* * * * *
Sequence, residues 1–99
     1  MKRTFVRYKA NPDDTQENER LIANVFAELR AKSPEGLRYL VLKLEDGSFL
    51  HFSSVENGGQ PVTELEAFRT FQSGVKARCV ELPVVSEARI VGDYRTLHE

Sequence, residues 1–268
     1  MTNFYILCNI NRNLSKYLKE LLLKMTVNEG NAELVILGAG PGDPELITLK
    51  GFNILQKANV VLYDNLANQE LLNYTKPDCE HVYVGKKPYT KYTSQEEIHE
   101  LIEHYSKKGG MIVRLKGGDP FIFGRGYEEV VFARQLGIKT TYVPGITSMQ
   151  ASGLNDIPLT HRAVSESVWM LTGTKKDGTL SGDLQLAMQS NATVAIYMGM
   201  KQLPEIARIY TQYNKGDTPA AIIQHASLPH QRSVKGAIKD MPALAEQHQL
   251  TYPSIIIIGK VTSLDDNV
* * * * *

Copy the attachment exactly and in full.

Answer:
Sequence, residues 1–99
     1  MKRTFVRYKA NPDDTQENER LIANVFAELR AKSPEGLRYL VLKLEDGSFL
    51  HFSSVENGGQ PVTELEAFRT FQSGVKARCV ELPVVSEARI VGDYRTLHE

Sequence, residues 1–268
     1  MTNFYILCNI NRNLSKYLKE LLLKMTVNEG NAELVILGAG PGDPELITLK
    51  GFNILQKANV VLYDNLANQE LLNYTKPDCE HVYVGKKPYT KYTSQEEIHE
   101  LIEHYSKKGG MIVRLKGGDP FIFGRGYEEV VFARQLGIKT TYVPGITSMQ
   151  ASGLNDIPLT HRAVSESVWM LTGTKKDGTL SGDLQLAMQS NATVAIYMGM
   201  KQLPEIARIY TQYNKGDTPA AIIQHASLPH QRSVKGAIKD MPALAEQHQL
   251  TYPSIIIIGK VTSLDDNV